Having received and assessed footage of the match in question, ESIC found that during the game against Team Liquid, members of Team Vitality could see a television in the lounge area of their offices with the broadcast stream of the match displayed.
ESIC also review footage showing that the same was true in a further match against the team Complexity. It said that its assessment of the footage did not suggest that the players were given information derived from the stream or that they gained any advantage as a result of the code violation.
In accordance with its zero tolerance policy on stream sniping, it said, and in the interest of proportionality, ESIC has issued Team Vitality with a $10,000 fine, stating that any suspension or ban for the team would constitute a disproportionate and unfair outcome of the review.
ESIC described the occurrence as being caused by staff negligence and not intentional malice. The error was made by unrelated staff who, “without thinking, simply wanted to view the match where they were working,” it said.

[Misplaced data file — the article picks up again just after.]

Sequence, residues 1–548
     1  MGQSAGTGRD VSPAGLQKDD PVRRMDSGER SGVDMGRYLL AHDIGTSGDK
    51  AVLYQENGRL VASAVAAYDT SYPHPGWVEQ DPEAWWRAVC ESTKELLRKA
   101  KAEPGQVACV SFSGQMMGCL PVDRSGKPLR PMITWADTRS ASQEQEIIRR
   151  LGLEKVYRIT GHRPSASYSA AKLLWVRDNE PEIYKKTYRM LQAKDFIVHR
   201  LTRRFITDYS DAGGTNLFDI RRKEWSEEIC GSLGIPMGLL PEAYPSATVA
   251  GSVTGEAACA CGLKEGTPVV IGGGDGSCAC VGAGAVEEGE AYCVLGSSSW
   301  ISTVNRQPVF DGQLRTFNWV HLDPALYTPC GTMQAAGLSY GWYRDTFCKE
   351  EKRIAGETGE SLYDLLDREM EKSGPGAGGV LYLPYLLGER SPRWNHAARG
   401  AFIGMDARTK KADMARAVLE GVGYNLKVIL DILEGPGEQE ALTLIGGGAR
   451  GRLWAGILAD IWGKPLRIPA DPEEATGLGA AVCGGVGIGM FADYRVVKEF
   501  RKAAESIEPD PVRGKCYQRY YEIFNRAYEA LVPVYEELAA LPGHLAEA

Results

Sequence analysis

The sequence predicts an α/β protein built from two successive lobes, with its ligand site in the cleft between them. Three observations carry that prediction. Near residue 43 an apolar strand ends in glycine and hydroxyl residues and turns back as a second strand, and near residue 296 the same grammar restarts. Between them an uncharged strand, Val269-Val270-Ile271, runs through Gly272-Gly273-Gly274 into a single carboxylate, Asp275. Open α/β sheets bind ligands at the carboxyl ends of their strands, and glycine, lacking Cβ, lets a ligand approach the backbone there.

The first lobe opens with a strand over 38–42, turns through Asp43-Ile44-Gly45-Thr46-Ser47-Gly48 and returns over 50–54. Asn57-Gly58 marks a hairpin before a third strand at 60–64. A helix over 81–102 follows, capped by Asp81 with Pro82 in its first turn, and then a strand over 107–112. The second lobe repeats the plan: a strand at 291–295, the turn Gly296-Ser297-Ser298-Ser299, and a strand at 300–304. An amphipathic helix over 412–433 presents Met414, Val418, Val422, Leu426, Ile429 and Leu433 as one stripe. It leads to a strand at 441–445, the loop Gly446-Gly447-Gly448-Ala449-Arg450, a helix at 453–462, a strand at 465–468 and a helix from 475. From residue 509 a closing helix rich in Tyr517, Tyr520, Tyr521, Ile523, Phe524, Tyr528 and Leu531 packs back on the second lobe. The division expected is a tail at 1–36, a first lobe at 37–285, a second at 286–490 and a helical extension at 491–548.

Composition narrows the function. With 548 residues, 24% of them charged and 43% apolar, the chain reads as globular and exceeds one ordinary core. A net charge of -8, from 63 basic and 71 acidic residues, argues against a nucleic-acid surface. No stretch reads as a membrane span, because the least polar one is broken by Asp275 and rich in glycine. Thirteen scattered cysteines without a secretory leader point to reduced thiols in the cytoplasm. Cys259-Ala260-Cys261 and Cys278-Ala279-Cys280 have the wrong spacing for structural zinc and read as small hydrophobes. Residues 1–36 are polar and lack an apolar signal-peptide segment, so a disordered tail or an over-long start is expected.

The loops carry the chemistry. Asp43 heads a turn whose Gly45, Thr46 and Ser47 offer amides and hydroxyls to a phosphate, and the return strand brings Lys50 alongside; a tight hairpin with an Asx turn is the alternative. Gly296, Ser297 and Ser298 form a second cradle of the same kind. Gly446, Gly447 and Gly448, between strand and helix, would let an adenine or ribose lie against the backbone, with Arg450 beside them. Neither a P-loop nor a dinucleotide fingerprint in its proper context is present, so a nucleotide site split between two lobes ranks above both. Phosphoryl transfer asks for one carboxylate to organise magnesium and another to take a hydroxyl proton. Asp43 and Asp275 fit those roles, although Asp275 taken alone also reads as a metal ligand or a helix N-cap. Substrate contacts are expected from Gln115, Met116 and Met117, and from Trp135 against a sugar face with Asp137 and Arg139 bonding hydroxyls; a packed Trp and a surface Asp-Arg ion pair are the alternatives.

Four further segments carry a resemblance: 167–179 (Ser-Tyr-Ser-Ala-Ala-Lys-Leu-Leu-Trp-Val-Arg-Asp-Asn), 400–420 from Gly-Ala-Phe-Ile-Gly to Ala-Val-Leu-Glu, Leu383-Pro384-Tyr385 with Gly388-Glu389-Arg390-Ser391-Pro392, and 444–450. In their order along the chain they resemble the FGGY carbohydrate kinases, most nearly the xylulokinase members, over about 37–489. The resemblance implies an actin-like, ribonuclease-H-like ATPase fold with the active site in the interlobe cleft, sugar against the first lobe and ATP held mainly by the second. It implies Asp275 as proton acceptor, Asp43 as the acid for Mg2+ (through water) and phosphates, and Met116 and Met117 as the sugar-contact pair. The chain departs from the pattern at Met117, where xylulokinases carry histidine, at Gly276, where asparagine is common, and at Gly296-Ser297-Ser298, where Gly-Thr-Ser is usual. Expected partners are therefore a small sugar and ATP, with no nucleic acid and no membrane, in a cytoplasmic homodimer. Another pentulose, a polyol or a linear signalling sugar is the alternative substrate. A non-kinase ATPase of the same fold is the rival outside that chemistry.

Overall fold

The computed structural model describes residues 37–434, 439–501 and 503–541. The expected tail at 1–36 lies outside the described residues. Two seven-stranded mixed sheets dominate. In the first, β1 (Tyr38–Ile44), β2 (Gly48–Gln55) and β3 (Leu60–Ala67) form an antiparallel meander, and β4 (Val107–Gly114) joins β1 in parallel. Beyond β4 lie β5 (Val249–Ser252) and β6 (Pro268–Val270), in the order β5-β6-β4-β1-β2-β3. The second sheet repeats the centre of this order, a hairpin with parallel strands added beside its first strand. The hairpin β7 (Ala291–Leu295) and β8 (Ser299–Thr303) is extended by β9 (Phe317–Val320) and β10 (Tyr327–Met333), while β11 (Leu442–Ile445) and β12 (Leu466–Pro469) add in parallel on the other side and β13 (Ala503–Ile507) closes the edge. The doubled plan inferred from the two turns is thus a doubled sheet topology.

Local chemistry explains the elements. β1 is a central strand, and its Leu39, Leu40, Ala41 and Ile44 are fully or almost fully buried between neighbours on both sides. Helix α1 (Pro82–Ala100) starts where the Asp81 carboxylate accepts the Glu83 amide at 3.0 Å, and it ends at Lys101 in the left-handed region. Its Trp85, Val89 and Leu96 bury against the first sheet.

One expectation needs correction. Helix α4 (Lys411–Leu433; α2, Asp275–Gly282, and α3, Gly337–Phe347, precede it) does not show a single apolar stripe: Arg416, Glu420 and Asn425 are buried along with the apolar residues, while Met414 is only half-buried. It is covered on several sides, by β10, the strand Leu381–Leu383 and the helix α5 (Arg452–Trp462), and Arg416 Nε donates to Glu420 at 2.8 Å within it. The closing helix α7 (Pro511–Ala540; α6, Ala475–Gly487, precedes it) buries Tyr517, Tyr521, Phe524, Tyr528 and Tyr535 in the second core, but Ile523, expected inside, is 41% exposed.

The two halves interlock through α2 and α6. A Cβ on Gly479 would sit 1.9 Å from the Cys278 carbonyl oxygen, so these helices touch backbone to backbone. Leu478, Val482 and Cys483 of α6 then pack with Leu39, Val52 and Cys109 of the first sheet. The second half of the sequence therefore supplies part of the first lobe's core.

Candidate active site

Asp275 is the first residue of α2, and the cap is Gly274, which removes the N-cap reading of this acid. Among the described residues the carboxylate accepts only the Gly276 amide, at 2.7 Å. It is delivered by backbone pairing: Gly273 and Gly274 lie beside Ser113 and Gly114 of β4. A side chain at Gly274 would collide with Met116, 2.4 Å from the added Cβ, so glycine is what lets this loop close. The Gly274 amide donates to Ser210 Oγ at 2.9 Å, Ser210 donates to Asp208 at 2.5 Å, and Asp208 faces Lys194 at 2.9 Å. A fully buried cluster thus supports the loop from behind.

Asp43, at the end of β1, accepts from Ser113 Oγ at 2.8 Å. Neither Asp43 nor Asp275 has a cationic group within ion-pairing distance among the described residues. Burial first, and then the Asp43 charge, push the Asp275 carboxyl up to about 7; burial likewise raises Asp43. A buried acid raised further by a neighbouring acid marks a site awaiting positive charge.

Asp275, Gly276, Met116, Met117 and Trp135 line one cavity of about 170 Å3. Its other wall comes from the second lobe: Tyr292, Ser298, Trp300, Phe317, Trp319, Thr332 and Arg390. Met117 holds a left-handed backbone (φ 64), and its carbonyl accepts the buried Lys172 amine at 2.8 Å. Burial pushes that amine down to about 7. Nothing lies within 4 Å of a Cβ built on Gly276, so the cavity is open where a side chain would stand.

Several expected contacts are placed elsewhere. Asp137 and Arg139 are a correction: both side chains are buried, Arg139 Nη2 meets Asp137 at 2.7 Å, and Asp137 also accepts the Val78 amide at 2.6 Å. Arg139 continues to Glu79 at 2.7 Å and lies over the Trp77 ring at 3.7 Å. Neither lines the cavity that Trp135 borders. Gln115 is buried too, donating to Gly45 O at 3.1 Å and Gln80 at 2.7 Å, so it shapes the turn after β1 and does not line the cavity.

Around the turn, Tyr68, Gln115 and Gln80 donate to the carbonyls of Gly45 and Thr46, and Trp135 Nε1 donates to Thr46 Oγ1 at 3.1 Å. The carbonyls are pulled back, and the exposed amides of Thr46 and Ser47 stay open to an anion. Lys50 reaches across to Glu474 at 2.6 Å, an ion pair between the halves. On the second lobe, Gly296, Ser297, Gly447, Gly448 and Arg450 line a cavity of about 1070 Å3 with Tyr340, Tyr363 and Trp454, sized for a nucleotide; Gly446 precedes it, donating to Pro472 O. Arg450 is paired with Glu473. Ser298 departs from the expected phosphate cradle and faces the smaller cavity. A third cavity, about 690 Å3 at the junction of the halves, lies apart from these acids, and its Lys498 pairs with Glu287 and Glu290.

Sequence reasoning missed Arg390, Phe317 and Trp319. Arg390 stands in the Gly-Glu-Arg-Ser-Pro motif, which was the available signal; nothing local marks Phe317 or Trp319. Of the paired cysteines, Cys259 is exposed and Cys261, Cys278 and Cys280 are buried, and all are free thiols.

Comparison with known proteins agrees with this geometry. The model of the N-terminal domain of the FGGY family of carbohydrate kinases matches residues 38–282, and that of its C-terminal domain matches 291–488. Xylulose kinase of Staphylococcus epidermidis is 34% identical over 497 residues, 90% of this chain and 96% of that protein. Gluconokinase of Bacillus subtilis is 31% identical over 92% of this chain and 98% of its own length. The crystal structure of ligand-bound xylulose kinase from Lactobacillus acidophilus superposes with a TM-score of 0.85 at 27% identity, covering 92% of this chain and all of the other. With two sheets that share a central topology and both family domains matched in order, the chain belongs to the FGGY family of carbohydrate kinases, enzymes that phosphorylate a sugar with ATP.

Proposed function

The commission had previously made a statement in November describing its zero tolerance approach to stream sniping.
Ian Smith, ESIC’s commissioner, said: “Whilst I am, naturally, disappointed that this has happened so soon after our announcement on this issue, I accept on the evidence that there was no malice intended and no bad actors actually trying to corrupt competitive integrity.”
“Consequently, I am pleased that Vitality have accepted the sanction with grace and I hope this serves to remind all organisations to be particularly vigilant while matches are being played in their home environments.”
Vitality’s chief executive, Nicolas Maurer, added: “A television was spotted displaying the livestream of our game in the background of our team while they were playing. This television is placed in a lounge and used by visitors to watch games. Even though this is not coming from a malicious intention, we agree that this placement is controversial.
“This was a big mistake on our side and we accept the fine. As soon as the issue was pointed out to us, we gave officials all the tools to look further into the incident. We agree that competitive integrity cannot be taken lightly and apologise for this towards all the CS:GO fans. We will make sure to be extremely careful in the future on this matter.”
ESIC last week issued bans to 35 professional players for betting offences in violation of its code of conduct, with sanctions lasting between 12 and 60 months.
Over 30 professional coaches were banned from competitive esports in September after they were found to have exploited an in-game bug in CS:GO to gain an advantage.